See-Thru Wind Jacket made for 'Fast & Light' crowd

My new jacket has more in common with a plastic bag than a Gore-Tex shell. But that’s not a put-down. The Salomon Light Jacket is incredibly thin and weighs less than an iPhone.

Folded up, it fits in the front pocket of my pants. But in unexpected high winds, the jacket has saved me from freezing.

Called the S-LAB Light Jacket, this emergency or backup top has a zipper and is made of an ultra-thin sheen of fabric. There is no hood, no pockets, and the fabric does not double as rainwear.

Salomon - wind jacket.jpg

Fabric so thin you can see through it

In a time of need, though, the Light Jacket will work in unexpected drizzle. It blocks wind and offers an outer layer for spring or summer outings that can add significant warmth.

Essentially a highly-packable windbreaker jacket, Salomon built the piece for runners, hikers, and climbers. It offers protection in an instant and a boost of warmth from a package so small you’ll never think twice about carrying it along.

jacket packed up.jpg

Packs up tiny, weighs almost nothing

The fabric, a synthetic polyamide material, is silky and see-through. It is durable enough to stand up during hikes and normal use, just don’t expect to bushwhack in the top.

It is comfortable on bare arms or over layers. The material is slippery and does not stick to skin.

At $80, the Salomon Light Jacket costs a margin more than many average windbreakers. But the packable nature of the jacket and its light weight, at about 2.5 ounces, will make it worth the cost for trail runners, climbers, ultra racers, and other members of the “fast and light” crowd.

—Stephen Regenold

Salomon Light Jacket image.jpg

Salomon Light Jacket

Posted by anwar - 04/09/2013 04:58 AM

US$80 for a piece of plastic? A great move of marketing there. Some people really buy something just because of effect of a brand. LOL.

Posted by tj - 04/09/2013 01:33 PM

anwar i’m pretty sure salomon isn’t the kind of company that has a ton of brand credibility. People who buy this probably have extra cash at hand and want something extra lightweight. In certain, highly specialized applications, this shirt would serve a purpose.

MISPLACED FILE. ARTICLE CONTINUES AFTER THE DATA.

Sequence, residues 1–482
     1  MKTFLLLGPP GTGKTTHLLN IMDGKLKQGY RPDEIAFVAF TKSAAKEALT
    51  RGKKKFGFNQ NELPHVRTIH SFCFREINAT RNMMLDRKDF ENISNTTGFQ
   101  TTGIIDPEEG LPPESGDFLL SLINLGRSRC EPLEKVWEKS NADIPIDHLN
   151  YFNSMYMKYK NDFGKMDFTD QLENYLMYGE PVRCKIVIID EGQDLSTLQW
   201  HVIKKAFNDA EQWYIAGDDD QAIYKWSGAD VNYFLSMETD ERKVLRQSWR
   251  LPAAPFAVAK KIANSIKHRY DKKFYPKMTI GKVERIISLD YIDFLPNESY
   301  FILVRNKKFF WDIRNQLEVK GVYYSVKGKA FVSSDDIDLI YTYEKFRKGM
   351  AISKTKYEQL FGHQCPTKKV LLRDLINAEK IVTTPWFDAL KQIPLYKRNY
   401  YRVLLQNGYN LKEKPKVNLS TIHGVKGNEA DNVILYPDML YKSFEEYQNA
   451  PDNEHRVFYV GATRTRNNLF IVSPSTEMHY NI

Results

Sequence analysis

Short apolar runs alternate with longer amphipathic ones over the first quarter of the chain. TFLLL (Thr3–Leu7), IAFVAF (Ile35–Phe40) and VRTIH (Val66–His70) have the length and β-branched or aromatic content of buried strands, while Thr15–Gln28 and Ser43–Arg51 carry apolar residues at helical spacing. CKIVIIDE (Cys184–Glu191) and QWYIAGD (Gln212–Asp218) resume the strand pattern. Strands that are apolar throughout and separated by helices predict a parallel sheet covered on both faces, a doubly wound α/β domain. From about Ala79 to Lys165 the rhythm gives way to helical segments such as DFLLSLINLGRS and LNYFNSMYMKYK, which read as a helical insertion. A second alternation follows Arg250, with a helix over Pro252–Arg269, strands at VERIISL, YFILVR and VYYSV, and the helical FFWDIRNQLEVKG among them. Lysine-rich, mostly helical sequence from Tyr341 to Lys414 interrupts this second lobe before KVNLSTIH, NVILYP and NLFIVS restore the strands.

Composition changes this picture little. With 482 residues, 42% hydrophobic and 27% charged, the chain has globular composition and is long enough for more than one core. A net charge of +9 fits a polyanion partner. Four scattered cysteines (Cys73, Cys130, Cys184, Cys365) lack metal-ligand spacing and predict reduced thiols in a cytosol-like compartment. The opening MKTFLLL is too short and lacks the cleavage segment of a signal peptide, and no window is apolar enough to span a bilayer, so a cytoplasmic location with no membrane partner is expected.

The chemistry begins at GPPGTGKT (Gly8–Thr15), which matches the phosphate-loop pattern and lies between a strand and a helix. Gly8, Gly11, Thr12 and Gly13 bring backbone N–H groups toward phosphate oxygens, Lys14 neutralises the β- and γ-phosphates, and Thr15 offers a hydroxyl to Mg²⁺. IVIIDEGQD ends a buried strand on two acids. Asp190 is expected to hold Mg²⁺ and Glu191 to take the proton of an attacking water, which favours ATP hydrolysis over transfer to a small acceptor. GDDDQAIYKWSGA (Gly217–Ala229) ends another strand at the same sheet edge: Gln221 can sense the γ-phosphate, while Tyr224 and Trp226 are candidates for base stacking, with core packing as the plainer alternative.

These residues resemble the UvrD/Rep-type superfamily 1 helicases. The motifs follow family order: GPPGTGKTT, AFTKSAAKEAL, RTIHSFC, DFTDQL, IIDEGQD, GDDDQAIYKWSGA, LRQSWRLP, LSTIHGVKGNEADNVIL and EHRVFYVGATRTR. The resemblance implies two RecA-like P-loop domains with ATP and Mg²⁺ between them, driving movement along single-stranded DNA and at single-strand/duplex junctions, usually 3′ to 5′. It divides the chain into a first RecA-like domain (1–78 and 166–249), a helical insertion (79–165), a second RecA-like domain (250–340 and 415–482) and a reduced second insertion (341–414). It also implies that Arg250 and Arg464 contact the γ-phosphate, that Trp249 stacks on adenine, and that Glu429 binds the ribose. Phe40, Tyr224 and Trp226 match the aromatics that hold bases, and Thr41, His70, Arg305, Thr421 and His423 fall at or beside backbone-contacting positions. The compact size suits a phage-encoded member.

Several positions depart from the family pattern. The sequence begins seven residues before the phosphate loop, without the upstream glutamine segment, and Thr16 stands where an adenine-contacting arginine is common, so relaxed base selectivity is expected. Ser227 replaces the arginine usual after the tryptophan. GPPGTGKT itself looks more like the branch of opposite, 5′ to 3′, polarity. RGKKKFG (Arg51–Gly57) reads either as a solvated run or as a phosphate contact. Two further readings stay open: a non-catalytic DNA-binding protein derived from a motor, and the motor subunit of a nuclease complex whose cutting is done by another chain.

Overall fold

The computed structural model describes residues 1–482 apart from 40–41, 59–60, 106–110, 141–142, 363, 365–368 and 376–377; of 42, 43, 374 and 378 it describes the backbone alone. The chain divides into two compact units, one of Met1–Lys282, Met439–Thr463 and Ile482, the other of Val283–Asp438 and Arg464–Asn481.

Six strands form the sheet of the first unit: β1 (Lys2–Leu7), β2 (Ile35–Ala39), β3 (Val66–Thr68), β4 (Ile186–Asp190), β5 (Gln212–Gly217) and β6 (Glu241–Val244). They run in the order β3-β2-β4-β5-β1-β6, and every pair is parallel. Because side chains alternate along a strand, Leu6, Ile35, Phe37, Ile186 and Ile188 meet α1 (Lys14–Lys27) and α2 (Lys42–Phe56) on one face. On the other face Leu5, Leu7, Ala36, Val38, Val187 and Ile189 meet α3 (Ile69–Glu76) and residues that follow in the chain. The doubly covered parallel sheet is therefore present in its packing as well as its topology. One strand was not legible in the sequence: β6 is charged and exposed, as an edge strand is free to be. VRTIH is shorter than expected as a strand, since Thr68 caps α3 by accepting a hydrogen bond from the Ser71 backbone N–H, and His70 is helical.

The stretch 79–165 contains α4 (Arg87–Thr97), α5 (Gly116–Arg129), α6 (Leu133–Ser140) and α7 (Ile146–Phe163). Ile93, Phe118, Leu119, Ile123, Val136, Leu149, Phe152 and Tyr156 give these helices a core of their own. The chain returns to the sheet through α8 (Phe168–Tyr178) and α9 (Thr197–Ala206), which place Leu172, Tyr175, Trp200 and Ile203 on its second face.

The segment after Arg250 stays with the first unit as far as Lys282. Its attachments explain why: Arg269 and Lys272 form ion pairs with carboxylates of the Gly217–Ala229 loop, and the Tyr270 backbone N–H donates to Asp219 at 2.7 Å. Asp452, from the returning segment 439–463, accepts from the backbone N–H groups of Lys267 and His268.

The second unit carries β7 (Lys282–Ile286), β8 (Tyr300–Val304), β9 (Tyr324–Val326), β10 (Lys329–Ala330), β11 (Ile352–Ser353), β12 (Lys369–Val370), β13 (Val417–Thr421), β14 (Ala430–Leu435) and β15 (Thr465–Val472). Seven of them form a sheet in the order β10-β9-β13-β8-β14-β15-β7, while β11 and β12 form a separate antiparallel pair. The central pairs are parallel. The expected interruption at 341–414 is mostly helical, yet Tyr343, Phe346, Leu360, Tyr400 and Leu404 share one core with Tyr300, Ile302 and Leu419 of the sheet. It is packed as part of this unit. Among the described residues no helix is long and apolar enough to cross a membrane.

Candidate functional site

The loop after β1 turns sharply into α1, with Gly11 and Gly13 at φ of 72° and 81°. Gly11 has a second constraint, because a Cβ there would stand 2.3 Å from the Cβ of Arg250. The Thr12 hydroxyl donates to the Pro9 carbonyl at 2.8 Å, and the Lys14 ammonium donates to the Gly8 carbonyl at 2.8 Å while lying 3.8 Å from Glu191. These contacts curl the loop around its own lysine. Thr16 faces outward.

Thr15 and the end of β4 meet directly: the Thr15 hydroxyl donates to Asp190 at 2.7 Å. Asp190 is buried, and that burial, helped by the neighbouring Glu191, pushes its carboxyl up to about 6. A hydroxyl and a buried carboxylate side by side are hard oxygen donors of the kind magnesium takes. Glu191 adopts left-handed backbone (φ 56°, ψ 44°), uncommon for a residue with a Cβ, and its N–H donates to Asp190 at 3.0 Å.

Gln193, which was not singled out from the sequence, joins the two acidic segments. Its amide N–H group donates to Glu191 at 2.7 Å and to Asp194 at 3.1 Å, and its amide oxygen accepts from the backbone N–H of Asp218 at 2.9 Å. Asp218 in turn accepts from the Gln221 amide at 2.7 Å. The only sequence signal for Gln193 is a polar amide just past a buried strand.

That being said $80 is way too high. i guess they feel they can charge it because of who it is marketed to and the fact that there isn’t anything else like it on the market.

Posted by Timothy Colman - 04/09/2013 02:16 PM

You have got to be kidding. If you buy this product send twice as much to someone who doesn’t have clean water, to Big Life or program of your choice.

Idiots for making something and charging so much. And it makes me wonder what is up with Andrew Skurka to even mention it.

Posted by FoxShadow - 04/12/2013 10:06 AM

$80 might be on the high side but having a jacket to carry that fits in my bike jersey or with me on a summit attempt or similar is an awesome peace of mind to have at very little penalty. I think it looks cool as well.

Just had to chime in to balance out the anti-consumerism posts here — this is a site related to gear. This is some sweet gear.

Posted by dylan - 04/12/2013 02:28 PM

Salomon, is a little late on this one, but at least its a better price then MH.

http://www.mountainhardwear.com/Men’s-Ghost-Whispererâ„¢-Anorak/OM4625,default,pd.html

Posted by JP - 04/15/2013 08:11 PM

Just because the fabric is extremely thin and has very little substance doesn’t mean it should be cheap, fancy fabrics mean fancy machines, and fancy specialized machines cost money. it depends how many companies produce fabrics like that, and due to the highly specialized application of this fabric I’m guessing they aren’t many. It all adds up to more costs which are in turn transferred to the customer.

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